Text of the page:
Workbench Assets

Uberfire implements access control mechanisms for most of its workbench assets. Read only permissions are supported for menu items, perspectives, screens, editors, splash screens and popup screens. That means, it is possible to add new permission entries into the authorization policy in case protected access is required for any of those asset types.

Imagine, for instance, we are developing a workbench screen annotated as @WorkbenchPerspective(identifier = "HomeForManagers"). By default, assets are not protected unless permissions are added to the security policy. So, imagine now, we want to grant access only to individual perspectives:

# Manager role only have access to the HomeForManagers perspective

The above is an example of a deny all grant a few strategy.

Next is an example of the opposite grant all deny a few strategy:

# Admin role users have access to all the perspectives but the HomeForManagers

As shown above the policy is flexible enough to model the most common scenarios. Besides, it can be used to protect other workbench assets. For instance:

# A superuser role can read everything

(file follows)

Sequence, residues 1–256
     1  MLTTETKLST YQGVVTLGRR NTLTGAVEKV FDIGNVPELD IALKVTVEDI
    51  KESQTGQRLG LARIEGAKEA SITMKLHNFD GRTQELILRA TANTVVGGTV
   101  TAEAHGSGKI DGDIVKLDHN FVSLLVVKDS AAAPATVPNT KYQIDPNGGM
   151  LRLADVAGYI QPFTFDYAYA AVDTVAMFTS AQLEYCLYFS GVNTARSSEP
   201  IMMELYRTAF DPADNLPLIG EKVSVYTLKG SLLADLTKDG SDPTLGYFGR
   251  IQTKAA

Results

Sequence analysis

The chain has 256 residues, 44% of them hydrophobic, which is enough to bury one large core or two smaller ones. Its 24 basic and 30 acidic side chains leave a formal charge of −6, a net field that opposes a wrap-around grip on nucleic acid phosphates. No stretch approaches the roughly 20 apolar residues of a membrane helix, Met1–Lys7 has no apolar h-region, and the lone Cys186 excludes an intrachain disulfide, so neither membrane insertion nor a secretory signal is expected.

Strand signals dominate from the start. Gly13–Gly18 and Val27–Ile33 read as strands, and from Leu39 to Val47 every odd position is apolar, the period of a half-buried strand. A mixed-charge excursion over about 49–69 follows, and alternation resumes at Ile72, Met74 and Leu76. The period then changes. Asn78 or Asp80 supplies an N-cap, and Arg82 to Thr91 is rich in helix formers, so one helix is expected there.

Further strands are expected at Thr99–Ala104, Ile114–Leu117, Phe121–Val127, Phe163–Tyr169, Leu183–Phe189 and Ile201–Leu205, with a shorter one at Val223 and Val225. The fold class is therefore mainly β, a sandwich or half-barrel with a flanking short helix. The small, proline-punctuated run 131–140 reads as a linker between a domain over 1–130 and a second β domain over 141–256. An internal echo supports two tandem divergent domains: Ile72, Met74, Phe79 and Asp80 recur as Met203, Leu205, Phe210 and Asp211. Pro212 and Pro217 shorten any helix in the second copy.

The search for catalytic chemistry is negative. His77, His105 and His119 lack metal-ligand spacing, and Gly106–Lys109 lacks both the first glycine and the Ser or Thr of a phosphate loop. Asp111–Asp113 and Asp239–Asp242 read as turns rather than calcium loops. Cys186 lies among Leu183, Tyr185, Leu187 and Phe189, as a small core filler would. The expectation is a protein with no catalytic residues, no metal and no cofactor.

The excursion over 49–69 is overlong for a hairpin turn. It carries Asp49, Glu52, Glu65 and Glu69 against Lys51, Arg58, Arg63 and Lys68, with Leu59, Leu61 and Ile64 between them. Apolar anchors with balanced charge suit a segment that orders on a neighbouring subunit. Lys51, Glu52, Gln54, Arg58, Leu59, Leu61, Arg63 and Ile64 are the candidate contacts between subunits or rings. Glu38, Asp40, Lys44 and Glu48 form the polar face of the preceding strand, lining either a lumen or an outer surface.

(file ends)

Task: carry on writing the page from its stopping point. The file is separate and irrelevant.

Menus can be used to implement nagivation features across the workbench. It is possible to define menu items linked to perspectives. For instance, consider the following menu structure which might be a perfect example of the main menu of a typical Uberfire app:

import static*;
    private WorkbenchMenuBar menubar;

    private void setupMenu(@Observes final ApplicationReadyEvent event) {
        final Menus menus =

        menubar.addMenus( menus );

We have 2 menu entries visible in this app's top level menu, both linked to perspectives. The method perspective(...) it is used to set the target perspective identifier the system will go to after clicking on the menu item. Every menu item will show/hide depending on the perspective access permission granted to the user. In fact, the perspective menu items above could be defined also as:

            .respondsWith(() -> placeManager.goTo("TasksPerspective"))

or even:

            .withPermission(new ResourceRef("TasksPerspective", ActivityResourceType.PERSPECTIVE))
            .respondsWith(() -> placeManager.goTo("TasksPerspective"))

Despite the last two snippets are a more verbose way of defining a protected perspective menu item, they can be taken as examples of the withPermission(...) usage for linking menu items to any type of resource.

Menu items can also be linked with ad-hoc permissions, for example:

            .respondsWith(() -> Window.alert( "Tasks App 1.0.0" ))

The menu item will be available provided the right permission is inserted into the security policy:


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